England’s chances of hosting the World Cup in 2030 were being talked up significantly on the day the 2026 hosts were elected.
UEFA President Aleksander Ceferin, England’s FIFA Council representative David Gill and other council colleagues were all enthusiastic about an England bid which could also involve some of the other home nations.
There is now a strong impetus building for the World Cup to return to Europe — and, increasingly, England for the first time in 64 years — for its global showcase after the ‘United’ bid of US/Canada/Mexico won the right to stage the tournament in eight years.
David Gill (R) has talked up the chance of an England or UK World Cup bid for 2030 tournament
There is also optimism among FIFA delegates about a level playing field in future World Cup bids after a transparent process — with all of congress voting on the decision for the first time — saw the ‘United’ bid beat Morocco by 134 votes to 65.
Gill said: ‘It does give us great confidence that the voting procedures now in place are appropriate and relevant.’
And Gill added about a World Cup in England, shared possibly with Scotland and Wales: ‘You look at the assets that we’ve got in England or the UK, in terms of grounds. Some of the best grounds in world football, the best training grounds. So why not? It would be fantastic.’
Ceferin added: ‘It’s definitely Europe’s turn in 2030 and it’s always a bit stronger with more countries. But at the same time England can host on their own or with the rest of the UK.’
UEFA president Aleksander Ceferin voiced his support of a bid for 2030 from Europe
The other challenge is coming from a combined South American proposal from Uruguay, who staged the first World Cup in 1930, Argentina and Paraguay. They have effectively set up a bidding head- quarters in Moscow.
But after the financial and organisational difficulties of 2014 in Brazil, there is opposition on the FIFA Council to returning so soon to South America. Football’s top brass will not allow sentiment around the World Cup returning to Uruguay on its 100th anniversary to be more important than economic sense.
The FA are to mount a 12-month project looking into the feasibility of a World Cup bid conducted by a strengthened international department.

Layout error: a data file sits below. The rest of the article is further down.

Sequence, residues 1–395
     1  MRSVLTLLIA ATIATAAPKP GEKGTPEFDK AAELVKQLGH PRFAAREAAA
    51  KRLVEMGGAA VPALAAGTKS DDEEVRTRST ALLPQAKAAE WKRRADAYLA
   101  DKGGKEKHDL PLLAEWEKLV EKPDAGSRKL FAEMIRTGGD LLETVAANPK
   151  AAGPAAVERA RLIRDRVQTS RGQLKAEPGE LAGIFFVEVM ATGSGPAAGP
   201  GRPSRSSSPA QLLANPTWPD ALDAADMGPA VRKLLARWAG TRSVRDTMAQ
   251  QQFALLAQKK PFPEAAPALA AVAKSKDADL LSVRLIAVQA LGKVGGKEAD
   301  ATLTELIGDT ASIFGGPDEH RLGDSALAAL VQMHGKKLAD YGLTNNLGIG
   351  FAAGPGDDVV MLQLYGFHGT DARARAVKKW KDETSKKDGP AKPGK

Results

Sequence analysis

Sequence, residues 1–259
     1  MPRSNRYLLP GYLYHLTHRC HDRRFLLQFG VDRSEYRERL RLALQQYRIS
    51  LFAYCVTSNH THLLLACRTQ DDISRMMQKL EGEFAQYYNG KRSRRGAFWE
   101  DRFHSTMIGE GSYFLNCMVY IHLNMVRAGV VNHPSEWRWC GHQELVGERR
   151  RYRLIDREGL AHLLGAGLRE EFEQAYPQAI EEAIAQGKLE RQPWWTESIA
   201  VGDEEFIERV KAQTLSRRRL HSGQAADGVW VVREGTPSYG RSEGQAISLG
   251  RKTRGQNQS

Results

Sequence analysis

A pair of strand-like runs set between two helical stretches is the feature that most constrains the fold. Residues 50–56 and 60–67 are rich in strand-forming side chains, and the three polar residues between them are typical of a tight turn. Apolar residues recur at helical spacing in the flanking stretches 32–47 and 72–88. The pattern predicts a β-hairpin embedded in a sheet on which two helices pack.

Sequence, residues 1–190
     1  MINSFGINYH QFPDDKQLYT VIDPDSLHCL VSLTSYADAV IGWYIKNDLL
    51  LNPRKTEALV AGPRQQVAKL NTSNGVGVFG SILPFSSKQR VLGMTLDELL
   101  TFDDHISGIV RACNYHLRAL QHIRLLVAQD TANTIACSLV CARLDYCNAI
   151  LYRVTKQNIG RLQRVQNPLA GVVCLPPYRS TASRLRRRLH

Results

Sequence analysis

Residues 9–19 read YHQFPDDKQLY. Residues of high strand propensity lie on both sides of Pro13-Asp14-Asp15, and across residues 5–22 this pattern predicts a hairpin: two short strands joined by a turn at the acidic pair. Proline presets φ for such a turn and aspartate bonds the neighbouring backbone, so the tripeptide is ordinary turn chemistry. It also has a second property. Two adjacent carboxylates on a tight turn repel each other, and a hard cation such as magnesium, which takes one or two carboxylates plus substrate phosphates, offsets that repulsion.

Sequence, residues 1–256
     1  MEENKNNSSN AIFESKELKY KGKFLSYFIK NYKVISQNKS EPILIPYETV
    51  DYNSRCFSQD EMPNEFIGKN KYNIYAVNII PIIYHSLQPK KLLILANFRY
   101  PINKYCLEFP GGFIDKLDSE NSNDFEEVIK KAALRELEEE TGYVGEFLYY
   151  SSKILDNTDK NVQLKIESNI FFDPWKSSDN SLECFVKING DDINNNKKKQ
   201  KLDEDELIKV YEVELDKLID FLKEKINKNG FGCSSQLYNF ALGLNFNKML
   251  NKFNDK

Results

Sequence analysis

UEFA President Aleksander Ceferin credits FA chairman Greg Clarke’s travels around the globe for helping to rid the FA of their ‘arrogant’ reputation that hurt the World Cup bids for 2006 and 2018.
Ceferin said: ‘Greg Clarke has changed that image very much. He’s travelling, he’s showing a different face and I think he’s very popular in Europe and also David Gill. The English FA is doing well.’
Ceferin has praised FA Chairman Greg Clarke (R) for having changed the image of FA globally
David Gill, England’s representative on the FIFA council, was the first councillor after FIFA president Gianni Infantino to shake hands with Russian President Vladimir Putin after his speech to the Congress in Moscow on Wednesday.
Gill’s allocated seat position on the extreme right of the FIFA front row, all of whom Putin greeted in turn, meant he had no choice.
However in contrast FA chairman Greg Clarke and chief executive Martin Glenn remained sitting down when Putin received a standing ovation from the Congress floor.
Gill said: ‘I didn’t feel ambushed. It was the polite thing to do. He’s president of the country and you show courtesy.’
David Gill (R) shakes Vladimir Putin’s hand at World Cup in Russia amid talks of UK 2030 bid
One important loophole for England to close ahead of a World Cup bid is the regulation that stopped three FIFA territories Guam, Puerto Rico and US Virgin Islands from voting because their delegates had American passports.
Russia voting for the ‘United’ bid was the most surprising vote cast with all the home nations also going for that option.
The Russian decision sparked conspiracy theories at the Congress that FIFA president Gianni Infantino had personally made that vote request to Russian President Vladimir Putin.
It only took FIFA President Gianni Infantino 10 seconds of his first speech at Wednesday’s Congress to mention his football ‘legends’ — those who play in his PR fest Pre-Congress football match, whom he subsequently name-checked on another six occasions.
Infantino isn’t shy of praising himself either, saying that ‘FIFA was clinically dead’ when he took charge two years ago but is now ‘alive and well, full of joy and passion with a vision for its future’. That came before he closed Congress by saying he would stand for re-election in Paris next year.
FIFA president Gianni Infantino announces he will stand for re-election next year
RFU councillor Rob Udwin, a former board member, has countered Sports Agenda claims that he epitomises the freeloading rugby blazer.
Udwin insists he no longer stays at Twickenham’s Marriott Hotel for England internationals when he lives in nearby Chiswick.
And he adds he was one of the few councillors to vote for the rejected motion that their partners should pay for tickets and meals for autumn internationals.